salvage yard for old tractors. In my headlights I saw a styled John
Deere and began having visions of restoration on a larger
scale.

I was in time to deliver a live calf for Mr. Epps, and told him
to take it home with him because it would never survive the night
in that weather. When I nonchalantly mentioned the John Deere
tractor I had seen, he said he couldn’t sell it because he was
still using it, but to bring my flashlight and come with him. I
didn’t have a flashlight, but we went farther back in his
storage yard and there in the dark was an unstyled Model B John
Deere tractor which turned out to be a brass tag 1935, Serial
#10924. Mr. Epps must have been appreciative for my delivering this
calf because he said I could just take the tractor.

Earlier I mentioned that even brothers-in-law could give you a
shock; in case you are confused, I will explain. Hugh Wink is my
brother-in-law and he is also getting into the ‘bad’ habit
of collecting old rusty iron. He was helping me put the magneto on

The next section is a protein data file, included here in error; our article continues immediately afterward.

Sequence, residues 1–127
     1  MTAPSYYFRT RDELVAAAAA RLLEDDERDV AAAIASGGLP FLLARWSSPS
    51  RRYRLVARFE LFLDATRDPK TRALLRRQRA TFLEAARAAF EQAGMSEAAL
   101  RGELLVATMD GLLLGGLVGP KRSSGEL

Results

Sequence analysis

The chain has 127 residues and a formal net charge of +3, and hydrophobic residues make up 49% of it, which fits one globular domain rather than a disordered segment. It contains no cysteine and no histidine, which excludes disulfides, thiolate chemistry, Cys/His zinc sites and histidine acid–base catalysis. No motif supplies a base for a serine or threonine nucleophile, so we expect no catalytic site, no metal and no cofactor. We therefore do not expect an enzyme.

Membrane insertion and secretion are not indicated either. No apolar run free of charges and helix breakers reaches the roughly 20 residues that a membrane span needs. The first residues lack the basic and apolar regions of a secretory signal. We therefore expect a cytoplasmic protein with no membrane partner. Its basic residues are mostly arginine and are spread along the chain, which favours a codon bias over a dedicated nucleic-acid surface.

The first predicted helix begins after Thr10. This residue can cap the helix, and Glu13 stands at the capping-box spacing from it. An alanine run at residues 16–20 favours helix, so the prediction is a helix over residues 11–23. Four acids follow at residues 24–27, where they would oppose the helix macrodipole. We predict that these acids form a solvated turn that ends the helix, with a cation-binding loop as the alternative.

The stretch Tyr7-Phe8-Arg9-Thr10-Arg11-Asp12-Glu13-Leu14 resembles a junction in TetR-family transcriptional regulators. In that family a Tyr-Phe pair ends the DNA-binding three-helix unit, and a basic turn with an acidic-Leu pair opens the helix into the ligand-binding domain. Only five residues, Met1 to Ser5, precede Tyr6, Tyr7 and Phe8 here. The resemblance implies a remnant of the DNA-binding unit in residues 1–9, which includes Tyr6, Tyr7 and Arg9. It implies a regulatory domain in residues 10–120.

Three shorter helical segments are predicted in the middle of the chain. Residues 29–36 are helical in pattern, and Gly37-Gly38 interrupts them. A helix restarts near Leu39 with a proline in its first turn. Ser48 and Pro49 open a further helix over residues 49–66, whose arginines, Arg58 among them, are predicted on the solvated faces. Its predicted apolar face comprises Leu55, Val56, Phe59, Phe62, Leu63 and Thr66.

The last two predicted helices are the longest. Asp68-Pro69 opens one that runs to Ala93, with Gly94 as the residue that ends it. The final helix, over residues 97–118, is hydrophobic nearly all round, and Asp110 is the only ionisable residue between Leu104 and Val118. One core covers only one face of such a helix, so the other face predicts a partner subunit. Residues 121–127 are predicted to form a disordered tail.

a Model B John Deere and set the timing. The method that I use to
set the timing is to sit on the flywheel side of the tractor, put
the little finger on my left hand in the spark plug hole, and
slowly rotate the flywheel until I get the piston top dead center
and the magneto to fire. Well, I had readjusted the mag three or
four times and just about had it right. I had forgotten to keep my
eyes on Hugh-big mistake! While I was working on the flywheel side,
he was on the other side putting the spark plug wires in the mag
and threading one of them through to my side. You guessed it! The
mag impulsed, the wire was touching my right hand, and when I
screamed and jumped I broke my little finger which was stuck in the
spark plug hole!

I am always learning lessons in safety while working with old
iron. Once when I was charging a battery with a trickle charger and
working on an engine cart with an electric grinder, I heard an
explosion behind me. Yes, it can happen. The sparks from the
grinder ignited the gas coming from the battery and I no longer had
a battery. Luckily nothing was hurt but my pride.

Lessons in expense are easy to come by, too. I was working on my
second engine, an upright 1 Vi Monitor. I had done all the things I